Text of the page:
Oct 6, 2008
By Lena Dunham
Poppy is thirty. She is a schoolteacher and she enjoys her job. She lives with her best friend in a small flat above a pub. She’s not dating anyone at the moment, but she doesn’t mind. It gives her time to pursue hobbies like Flamenco and trampolining. She’s also being taught how to drive by a verbally abusive troll of a man who regularly tells her she’s an idiot. However, she takes his insults in stride, focusing on the task at hand. She isn’t one to hold grudges. Poppy is the protagonist of Mike Leigh’s Happy Go Lucky, a film that attempts to challenge the great unspoken rule of drama: Happy people are boring.
Leigh has described Happy Go Lucky, his first film since 2004’s acclaimed abortion drama Vera Drake, as an “anti-miserablist film.” Indeed, his main character is stubbornly, unremittingly cheerful, facing each of life’s challenges with humor and good will. The effect is immediately disarming, forcing the viewer to wonder whether Poppy’s veneer will be cracked to reveal a manic creature along the lines of Election’s Tracy Flick, or worse. But Leigh never punishes Poppy for her hopefulness, nor does he give his audience cause to believe there are rough currents beneath the placid surface. Indeed, the director has created a film with a truly untroubled leading lady. The necessary tension that propels the film comes from watching the jaded, humbled characters that usually populate Leigh’s world as they try to make sense of Poppy. Is she mocking them? What in the world does she have to feel so good about? The answer: Nothing. She lives a decidedly average life. But in Poppy’s book that makes her “a very lucky girl.” When closely considered this statement becomes political, an indictment of the greed and undeserved ennui of the average citizen. But Leigh is far too skilled a craftsman to allow his message to read as pedantic.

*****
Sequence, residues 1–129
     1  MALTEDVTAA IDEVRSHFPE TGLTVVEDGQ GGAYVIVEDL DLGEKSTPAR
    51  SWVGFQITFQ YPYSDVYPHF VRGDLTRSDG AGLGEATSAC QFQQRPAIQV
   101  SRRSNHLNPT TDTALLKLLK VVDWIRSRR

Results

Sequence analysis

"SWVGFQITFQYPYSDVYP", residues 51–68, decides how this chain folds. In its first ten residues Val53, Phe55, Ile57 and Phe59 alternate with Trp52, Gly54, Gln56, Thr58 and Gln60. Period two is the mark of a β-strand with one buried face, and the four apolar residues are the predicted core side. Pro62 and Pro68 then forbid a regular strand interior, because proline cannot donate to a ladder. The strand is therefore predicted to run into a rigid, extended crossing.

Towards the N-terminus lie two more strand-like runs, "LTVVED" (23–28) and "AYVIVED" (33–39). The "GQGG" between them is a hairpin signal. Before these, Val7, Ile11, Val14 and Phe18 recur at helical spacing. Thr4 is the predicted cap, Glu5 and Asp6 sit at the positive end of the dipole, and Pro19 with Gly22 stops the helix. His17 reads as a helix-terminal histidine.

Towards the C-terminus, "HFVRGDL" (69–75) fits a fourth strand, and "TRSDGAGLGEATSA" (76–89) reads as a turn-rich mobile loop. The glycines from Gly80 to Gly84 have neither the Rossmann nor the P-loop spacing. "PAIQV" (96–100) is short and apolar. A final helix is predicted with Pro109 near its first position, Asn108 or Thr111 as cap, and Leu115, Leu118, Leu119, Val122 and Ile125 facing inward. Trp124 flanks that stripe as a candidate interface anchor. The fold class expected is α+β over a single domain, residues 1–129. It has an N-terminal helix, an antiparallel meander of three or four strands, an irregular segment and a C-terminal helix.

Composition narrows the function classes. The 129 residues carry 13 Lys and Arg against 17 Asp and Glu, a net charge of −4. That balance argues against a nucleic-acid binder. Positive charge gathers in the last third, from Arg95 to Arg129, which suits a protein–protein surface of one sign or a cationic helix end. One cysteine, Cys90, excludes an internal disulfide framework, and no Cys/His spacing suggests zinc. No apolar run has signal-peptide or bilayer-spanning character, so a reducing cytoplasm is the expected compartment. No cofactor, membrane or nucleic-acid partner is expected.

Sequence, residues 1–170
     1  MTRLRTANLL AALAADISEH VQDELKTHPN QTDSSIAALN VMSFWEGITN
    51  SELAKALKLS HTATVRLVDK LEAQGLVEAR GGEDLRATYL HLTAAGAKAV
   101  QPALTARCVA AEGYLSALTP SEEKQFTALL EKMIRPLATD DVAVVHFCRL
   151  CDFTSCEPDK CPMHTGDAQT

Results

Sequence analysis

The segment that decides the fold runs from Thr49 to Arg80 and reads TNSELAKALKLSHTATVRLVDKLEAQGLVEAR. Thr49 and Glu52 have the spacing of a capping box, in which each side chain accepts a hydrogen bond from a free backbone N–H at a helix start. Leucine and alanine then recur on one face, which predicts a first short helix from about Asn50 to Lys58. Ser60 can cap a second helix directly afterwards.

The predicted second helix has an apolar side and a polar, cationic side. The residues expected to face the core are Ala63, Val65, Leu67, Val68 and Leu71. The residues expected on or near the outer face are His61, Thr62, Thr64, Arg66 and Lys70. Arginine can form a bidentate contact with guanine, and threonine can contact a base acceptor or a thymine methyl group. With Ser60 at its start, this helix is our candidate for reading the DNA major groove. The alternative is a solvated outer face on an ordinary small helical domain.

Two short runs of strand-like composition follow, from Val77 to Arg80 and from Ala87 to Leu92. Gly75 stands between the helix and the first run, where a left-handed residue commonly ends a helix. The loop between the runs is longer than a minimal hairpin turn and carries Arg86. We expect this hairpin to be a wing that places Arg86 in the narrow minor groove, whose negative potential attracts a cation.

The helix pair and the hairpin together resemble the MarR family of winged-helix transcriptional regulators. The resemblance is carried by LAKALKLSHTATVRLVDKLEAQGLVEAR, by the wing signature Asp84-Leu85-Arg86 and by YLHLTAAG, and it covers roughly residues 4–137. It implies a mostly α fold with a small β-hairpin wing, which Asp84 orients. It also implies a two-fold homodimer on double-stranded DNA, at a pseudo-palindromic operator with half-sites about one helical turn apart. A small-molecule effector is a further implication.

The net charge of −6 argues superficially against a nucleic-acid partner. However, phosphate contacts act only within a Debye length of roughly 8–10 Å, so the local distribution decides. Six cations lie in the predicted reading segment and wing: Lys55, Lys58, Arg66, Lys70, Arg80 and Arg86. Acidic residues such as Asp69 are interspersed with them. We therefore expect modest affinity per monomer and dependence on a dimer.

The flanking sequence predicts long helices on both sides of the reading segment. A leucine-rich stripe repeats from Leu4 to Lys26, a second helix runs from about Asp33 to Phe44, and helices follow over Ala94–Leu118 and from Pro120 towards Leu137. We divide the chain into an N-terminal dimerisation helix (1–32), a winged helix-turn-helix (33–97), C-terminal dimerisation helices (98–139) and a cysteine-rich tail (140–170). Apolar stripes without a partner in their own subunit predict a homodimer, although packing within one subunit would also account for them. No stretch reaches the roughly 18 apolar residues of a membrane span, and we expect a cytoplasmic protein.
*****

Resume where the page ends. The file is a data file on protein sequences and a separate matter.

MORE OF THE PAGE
Happy Go Lucky is a true character study. Thought provoking statements about gender, class, love and education are all present, but at its core the film is a portrait of Poppy (as played by the stunningly committed Sally Hawkins, incapable of a false note). It is a series of loose vignettes (shot by Dick Pope, Leigh’s subtly brilliant DP) that follow her as she engages with her students, spends time with her friends, and is taught to drive by the aforementioned angry little man, Scott (played by Eddie Marsan, who has the same laughing-at-you presence that made Ricky Gervais a household name.) Leigh’s strength has always been his ability to give birth to fully formed characters with all the ticks and quirks of your closest friends. He arrives at these enviable results through a months-long workshopping process with his cast, during which time the script is built from the ground up. This often delivers a product that is lean on plot but chockfull of spirit as characters collide, drift, and connect again. And, although Poppy will certainly join the pantheon of great Leigh characters, the film occasionally suffers for this loose approach, forcing this reviewer to wonder whether the film might have benefited from having half an hour shaved off of it. Although, to give Leigh credit for innovation, this criticism may be the result of subverted expectations. We, as viewers, are used to meditations on misery with two hour running times. Taking that same cinematic journey with someone who is content? Now that’s new.
Posted by Brandon Harris at 2:09 PM